Domain-based GPs offer a much more flexible and configurable set of standards and settings for your organization than local GPs. In this section, I’ll discuss the four most common methods of managing your IT assets centrally using domain GP: configuring a security standard, installing software using the IntelliMirror technology found in Windows Server 2003, redirecting folders present in the user interface to network locations, and writing and launching scripts triggered by events, such as logons and logoffs.
As discussed earlier, one of the most useful aspects of GP is its ability to control security settings and configuration from a central location across the organization. Security policy comprises three key components: restricted groups, registry settings, and filesystem settings. In this section, I’ll take a look at each of them.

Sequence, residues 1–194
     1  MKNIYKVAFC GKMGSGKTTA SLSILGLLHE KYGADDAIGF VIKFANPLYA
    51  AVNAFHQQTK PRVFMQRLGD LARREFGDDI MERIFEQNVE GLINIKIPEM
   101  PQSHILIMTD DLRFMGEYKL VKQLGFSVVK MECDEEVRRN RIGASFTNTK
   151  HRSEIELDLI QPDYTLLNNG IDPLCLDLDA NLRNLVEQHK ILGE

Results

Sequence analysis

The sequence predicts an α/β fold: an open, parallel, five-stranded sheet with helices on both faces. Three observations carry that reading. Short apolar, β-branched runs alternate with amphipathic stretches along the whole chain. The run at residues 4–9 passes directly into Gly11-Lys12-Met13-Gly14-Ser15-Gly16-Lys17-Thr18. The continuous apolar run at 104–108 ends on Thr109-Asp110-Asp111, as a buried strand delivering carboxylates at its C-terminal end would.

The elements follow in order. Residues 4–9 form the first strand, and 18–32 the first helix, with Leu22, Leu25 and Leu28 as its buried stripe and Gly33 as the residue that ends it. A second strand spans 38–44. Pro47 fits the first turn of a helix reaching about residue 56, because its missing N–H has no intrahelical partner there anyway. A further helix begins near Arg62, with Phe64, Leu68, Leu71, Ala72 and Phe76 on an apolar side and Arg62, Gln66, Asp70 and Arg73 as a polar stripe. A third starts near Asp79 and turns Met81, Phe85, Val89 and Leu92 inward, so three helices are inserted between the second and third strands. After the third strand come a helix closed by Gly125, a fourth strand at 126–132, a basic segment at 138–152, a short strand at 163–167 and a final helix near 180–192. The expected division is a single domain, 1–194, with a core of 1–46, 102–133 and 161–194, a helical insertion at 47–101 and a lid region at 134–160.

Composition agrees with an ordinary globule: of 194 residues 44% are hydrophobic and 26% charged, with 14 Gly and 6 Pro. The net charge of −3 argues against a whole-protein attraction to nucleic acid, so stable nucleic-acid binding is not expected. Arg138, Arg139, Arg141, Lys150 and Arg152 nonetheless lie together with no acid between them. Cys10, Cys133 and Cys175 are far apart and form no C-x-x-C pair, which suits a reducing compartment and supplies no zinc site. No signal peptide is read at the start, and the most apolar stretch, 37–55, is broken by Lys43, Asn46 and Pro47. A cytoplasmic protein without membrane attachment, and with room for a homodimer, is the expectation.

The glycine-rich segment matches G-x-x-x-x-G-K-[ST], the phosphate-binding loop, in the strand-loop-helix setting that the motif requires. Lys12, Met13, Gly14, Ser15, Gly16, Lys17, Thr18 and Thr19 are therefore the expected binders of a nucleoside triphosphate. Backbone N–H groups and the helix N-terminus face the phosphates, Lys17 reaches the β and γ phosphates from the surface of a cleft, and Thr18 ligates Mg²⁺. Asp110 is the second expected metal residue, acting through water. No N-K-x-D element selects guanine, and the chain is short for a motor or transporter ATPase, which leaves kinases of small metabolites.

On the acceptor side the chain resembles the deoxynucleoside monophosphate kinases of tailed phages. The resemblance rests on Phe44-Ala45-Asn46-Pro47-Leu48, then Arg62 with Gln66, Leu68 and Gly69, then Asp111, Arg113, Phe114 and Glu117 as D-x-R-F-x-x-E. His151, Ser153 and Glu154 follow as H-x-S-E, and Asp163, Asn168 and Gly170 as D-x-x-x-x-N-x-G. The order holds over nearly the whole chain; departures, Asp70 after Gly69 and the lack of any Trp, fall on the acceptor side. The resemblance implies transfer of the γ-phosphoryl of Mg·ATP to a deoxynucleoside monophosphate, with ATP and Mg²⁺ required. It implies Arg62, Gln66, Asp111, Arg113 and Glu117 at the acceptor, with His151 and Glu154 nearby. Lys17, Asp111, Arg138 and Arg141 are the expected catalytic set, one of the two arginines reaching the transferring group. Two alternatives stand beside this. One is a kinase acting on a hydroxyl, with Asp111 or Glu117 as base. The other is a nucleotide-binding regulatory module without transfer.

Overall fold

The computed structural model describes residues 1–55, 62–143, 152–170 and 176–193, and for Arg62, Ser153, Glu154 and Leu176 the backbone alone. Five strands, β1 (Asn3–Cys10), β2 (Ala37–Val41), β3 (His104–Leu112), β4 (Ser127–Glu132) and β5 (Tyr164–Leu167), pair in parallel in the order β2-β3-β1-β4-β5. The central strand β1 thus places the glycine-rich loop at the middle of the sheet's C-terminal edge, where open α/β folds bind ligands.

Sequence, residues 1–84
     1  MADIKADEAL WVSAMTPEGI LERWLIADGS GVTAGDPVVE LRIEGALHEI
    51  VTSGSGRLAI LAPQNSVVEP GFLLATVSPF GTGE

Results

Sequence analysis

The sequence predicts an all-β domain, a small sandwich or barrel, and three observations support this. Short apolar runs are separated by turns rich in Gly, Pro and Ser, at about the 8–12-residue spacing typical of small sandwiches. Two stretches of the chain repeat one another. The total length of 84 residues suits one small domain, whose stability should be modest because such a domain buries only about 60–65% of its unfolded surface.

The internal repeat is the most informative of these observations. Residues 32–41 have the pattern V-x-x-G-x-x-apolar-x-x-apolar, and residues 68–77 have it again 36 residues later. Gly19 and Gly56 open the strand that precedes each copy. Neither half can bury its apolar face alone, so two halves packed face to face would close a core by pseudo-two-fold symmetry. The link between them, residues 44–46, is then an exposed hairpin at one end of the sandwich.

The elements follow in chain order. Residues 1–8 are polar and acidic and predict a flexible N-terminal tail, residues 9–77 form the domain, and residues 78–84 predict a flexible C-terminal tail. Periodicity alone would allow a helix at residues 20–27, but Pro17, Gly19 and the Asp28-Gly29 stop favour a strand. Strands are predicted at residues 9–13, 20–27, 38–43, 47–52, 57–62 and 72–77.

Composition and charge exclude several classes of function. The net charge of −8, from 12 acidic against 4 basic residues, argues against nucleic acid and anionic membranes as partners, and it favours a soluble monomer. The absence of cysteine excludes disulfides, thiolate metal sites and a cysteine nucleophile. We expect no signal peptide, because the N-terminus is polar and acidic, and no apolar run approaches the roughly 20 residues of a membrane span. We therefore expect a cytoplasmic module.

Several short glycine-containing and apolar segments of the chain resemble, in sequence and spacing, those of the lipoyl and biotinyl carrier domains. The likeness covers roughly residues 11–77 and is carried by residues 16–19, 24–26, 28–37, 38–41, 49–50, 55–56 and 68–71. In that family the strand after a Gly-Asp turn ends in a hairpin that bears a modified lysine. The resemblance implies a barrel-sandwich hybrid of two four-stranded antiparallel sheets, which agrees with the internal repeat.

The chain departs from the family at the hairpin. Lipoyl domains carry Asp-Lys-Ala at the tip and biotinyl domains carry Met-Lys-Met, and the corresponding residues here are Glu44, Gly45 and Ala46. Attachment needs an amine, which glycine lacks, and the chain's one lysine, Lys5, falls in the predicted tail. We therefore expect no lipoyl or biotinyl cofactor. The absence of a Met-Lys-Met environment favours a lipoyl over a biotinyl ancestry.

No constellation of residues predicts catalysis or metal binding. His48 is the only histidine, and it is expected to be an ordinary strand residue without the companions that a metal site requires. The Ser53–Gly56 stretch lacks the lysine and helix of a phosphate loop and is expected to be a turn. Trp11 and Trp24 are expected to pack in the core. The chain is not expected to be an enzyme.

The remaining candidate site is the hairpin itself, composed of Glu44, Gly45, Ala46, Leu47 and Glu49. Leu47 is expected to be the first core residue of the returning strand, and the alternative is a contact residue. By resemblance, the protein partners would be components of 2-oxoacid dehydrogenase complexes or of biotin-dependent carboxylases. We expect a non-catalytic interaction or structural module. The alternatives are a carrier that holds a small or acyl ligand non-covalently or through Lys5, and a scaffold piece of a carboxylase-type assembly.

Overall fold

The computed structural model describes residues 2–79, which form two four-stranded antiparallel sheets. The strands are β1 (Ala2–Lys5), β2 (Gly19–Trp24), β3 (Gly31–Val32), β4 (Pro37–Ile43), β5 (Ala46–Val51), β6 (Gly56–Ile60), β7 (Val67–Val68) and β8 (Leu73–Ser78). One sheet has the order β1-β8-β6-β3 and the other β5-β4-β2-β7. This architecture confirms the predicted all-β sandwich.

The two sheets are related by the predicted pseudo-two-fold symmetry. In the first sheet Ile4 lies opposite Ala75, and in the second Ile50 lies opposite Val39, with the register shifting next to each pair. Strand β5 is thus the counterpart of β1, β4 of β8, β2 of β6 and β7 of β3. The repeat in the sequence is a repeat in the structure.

The restricted groups option allows you to
modify the current group configuration and membership on your client
computers. When this policy is applied to workstations and servers,
their individual group configurations are modified to match that
configured inside the policy. The policy contains
lists that overwrite any configuration on the target computers. For example, if you were to add the Administrator group to the policy but not add any users to the members of this group list, and then you applied the policy, Windows would remove any users currently in those groups ...